But I’m not here to rap on about Mr. H.  No, I’m here to talk about someone else.

I’m here to talk about Kim.

Kim was in my class.  She was about my height, she had long dark blond hair, and she wore glasses.  I also wore glasses, so it was always a bit comforting to be around someone who also had crappy eyesight.  Kim introduced herself to me in a rather unique way:  she walked up to me on the playground during recess and said, “Hey:  you’re the kid who knows all about flying saucers, right?”  Indeed I did, because since I was reading a lot of science fiction then, I was also reading everything I could get my hands on about flying saucers and the paranormal and what we know call cyptozoology.  If there was strange crap out there, I knew about it.  Kim was asking me about a story she’d heard where a horse had its head burned off, and I instantly told her about Skippy, the horse that had all the flesh on it’s head burn away–some say by a portable vat of acid, some say by aliens with a death laser!

Whatever.  That’s how Kim and I met, and we were good after that.

I don’t remember Kim hanging out with girls a lot.  Back then we called her a “tomboy” because she liked wearing jeans and button-down shirts and tennis shoes.  But she never came across like that to me.  She wasn’t rough and tumble; she always wanted to talk.  She liked horses and the mountains, and she liked math and history, too, so we had stuff in common there.  She also liked reading, but she found the stuff I was reading then to be amazing.  She was a smart girl, which back then meant she was different.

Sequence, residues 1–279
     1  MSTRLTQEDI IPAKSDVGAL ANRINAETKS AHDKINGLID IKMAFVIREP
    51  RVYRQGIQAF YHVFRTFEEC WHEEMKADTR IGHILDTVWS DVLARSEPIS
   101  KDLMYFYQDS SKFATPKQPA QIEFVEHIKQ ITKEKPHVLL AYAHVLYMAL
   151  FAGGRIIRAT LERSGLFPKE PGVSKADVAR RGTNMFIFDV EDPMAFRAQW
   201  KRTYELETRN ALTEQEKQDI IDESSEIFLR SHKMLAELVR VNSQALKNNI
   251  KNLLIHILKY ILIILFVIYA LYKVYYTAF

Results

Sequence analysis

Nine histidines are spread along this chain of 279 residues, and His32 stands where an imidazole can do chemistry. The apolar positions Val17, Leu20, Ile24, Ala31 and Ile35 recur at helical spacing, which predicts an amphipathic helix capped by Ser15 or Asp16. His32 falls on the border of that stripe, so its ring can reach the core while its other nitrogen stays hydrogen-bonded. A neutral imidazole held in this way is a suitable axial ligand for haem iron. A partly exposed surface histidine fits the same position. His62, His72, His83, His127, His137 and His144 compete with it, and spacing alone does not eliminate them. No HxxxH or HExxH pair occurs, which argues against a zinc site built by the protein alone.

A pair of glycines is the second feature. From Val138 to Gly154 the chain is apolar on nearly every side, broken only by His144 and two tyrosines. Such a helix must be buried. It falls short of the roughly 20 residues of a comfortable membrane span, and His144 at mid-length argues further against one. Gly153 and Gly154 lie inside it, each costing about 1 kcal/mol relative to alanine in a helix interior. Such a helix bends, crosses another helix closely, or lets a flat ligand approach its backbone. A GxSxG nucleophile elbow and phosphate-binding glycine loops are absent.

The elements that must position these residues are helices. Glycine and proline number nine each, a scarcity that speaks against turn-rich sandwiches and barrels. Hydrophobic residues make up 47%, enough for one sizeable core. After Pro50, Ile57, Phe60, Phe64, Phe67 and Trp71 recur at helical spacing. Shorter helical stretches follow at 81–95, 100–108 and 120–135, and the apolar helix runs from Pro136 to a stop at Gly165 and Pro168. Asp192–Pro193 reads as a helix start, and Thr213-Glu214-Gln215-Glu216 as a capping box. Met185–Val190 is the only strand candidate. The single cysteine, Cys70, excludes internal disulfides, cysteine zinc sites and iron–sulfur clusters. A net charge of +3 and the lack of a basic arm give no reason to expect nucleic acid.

Then again, so was I.

It wasn’t just headless horses and flying saucers over which we bonded.  There was something else, and for that I have to go tap-dancing back into all those little corners of my past that I’d rather not exist, but are just waiting to jump me the first chance I get.  So here we go: